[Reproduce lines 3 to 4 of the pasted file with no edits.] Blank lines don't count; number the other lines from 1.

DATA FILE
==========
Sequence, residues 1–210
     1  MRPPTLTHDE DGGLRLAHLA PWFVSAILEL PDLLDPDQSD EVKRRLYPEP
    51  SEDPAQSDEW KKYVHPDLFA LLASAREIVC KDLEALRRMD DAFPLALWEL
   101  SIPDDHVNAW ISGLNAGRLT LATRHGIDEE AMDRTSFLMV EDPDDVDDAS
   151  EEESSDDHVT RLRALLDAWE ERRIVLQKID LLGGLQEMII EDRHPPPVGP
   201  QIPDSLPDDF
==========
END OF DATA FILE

    51  SEDPAQSDEW KKYVHPDLFA LLASAREIVC KDLEALRRMD DAFPLALWEL
   101  SIPDDHVNAW ISGLNAGRLT LATRHGIDEE AMDRTSFLMV EDPDDVDDAS